CBS commissions a series of stamps to visualise the ins and outs of voting via mail
Utilising the constraints of the delicate stamps, Danish designer Peter Ørntoft communicates facts and figures around voting in a recognisable context.
- Lucy Bourton
- 7 October 2020
- Reading Time
- 2 minute read
Danish designer Peter Ørntoft’s projects tend to centre around utilising data into a design construct, with a process that always combines dialogue and research. His latest commission delves into this on a particularly timely topic: mail-in voting across the United States. Visualising the history and maths behind mail-in voting, Ørntoft's design interpretation takes the form of a stamp, a signifier of how mailing in your vote has been in practice since the 1864 US presidential election.
Taking information such as the percentage of voters who mail in their ballots, the amount of people choosing to vote absentee due to fears of Covid-19, and some revealing true facts around voter fraud, Ørntoft explains he had the idea of translating these statistics into a stamp format while “in my search for context,” the designer tells CBS. Choosing to utilise the design template of an already existing product is also a regular approach of Ørntoft's, explaining how he often aims to use “real objects and elements to visualise the data because it adds an extra tactile layer of information about the subject creating an emotional connection between the data and people”.
Working with Face the Nation [a weekly news and public affairs program aired on CBS on Sundays] to gather the data and develop a storyline, “my job was to select which data was more suitable for the storyline and which data was the best fit for the stamp format and stamp aesthetic,” he says.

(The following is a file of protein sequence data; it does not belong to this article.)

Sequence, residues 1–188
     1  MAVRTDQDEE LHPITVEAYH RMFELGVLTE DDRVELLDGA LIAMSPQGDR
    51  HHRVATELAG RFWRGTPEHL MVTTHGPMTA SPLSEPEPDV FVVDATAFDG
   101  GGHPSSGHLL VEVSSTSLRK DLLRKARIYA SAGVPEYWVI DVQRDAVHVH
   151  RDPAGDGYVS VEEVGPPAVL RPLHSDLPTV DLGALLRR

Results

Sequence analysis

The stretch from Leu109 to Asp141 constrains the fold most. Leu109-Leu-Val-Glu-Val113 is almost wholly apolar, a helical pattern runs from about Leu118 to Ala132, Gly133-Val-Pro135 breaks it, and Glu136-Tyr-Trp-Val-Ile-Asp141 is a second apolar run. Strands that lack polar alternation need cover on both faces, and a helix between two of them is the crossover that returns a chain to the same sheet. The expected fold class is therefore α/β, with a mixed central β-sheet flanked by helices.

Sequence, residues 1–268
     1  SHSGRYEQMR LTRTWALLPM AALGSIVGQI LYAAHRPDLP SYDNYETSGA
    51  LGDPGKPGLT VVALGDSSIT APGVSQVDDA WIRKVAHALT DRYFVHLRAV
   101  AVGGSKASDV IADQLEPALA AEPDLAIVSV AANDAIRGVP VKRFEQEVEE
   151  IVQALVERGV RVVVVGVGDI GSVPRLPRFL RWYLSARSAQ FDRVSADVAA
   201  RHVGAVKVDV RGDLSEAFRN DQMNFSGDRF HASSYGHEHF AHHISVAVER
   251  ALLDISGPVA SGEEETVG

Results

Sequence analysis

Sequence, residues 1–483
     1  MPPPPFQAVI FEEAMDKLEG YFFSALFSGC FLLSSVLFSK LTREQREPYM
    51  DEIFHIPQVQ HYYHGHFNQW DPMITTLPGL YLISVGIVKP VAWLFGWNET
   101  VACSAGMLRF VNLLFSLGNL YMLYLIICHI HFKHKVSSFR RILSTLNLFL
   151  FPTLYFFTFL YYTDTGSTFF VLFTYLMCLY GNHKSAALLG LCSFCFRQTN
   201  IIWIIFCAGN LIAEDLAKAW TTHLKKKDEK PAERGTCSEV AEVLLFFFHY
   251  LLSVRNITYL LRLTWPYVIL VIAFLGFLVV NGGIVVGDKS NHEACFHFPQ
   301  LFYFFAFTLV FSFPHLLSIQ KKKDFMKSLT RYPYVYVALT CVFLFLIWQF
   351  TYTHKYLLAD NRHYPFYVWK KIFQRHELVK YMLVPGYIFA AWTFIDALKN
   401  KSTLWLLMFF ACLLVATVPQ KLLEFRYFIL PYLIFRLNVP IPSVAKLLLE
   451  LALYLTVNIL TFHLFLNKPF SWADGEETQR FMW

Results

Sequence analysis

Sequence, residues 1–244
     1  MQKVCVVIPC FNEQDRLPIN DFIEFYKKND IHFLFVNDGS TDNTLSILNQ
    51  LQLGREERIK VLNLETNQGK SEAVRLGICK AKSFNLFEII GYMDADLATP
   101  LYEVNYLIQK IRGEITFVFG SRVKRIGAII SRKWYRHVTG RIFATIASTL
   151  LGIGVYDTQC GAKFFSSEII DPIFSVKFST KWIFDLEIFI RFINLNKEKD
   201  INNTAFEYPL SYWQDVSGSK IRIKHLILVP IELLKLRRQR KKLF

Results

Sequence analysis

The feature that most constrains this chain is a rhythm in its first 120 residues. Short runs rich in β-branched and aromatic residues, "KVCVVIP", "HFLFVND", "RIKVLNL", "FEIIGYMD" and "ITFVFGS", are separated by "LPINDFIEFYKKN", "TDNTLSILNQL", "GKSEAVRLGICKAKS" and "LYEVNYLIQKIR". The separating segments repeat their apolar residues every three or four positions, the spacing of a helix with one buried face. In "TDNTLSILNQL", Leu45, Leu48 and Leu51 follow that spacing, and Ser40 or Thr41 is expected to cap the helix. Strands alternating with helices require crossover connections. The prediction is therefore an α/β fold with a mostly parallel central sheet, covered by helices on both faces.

Stylistically Peter’s interpretations sit well within the visual aesthetic realms of stamp design. Immediately identifiable from its scalloped paper edge, and largely sticking to the republican vs democrat colour palette of red and blue, there are several details added on each design to make Peter’s pieces appear authentic. For instance, a thin line and almost hatched illustration mark, often spotted on illustrations of both stamps and currency, is used to create shapes representing the age of voters, or to present a visual metaphor like an egg timer relating to the fact at hand.
Having never designed to such a small scale before, the designer describes the process of scaling down as “certainly a fun and interesting challenge,” he says. With the final pieces then photographed to emphasise their scale and tactile nature too: “Early in the process I made some test prints and I quickly got an overview of the limitations in terms of design and content,” he recalls. And, with such a delicate scale as his canvas, throughout the process, “it was all about keeping it simple and the data visualisation has to be as precise and clear as possible meaning not too many variables and not too much text.”
The full set of stamps can be viewed here, and will be used on air on CBS too.
Peter Ørntoft: Mailing-it-in for CBS (Copyright © Peter Ørntoft and CBS, 2020)
About the Author
Lucy joined It’s Nice That as an editorial assistant in July 2016 after graduating from Chelsea College of Art. In October 2016 she became a staff writer on the editorial team and in January 2019 was made It’s Nice That’s deputy editor. Feel free to get in contact with Lucy about new and upcoming creative projects or editorial ideas for the site.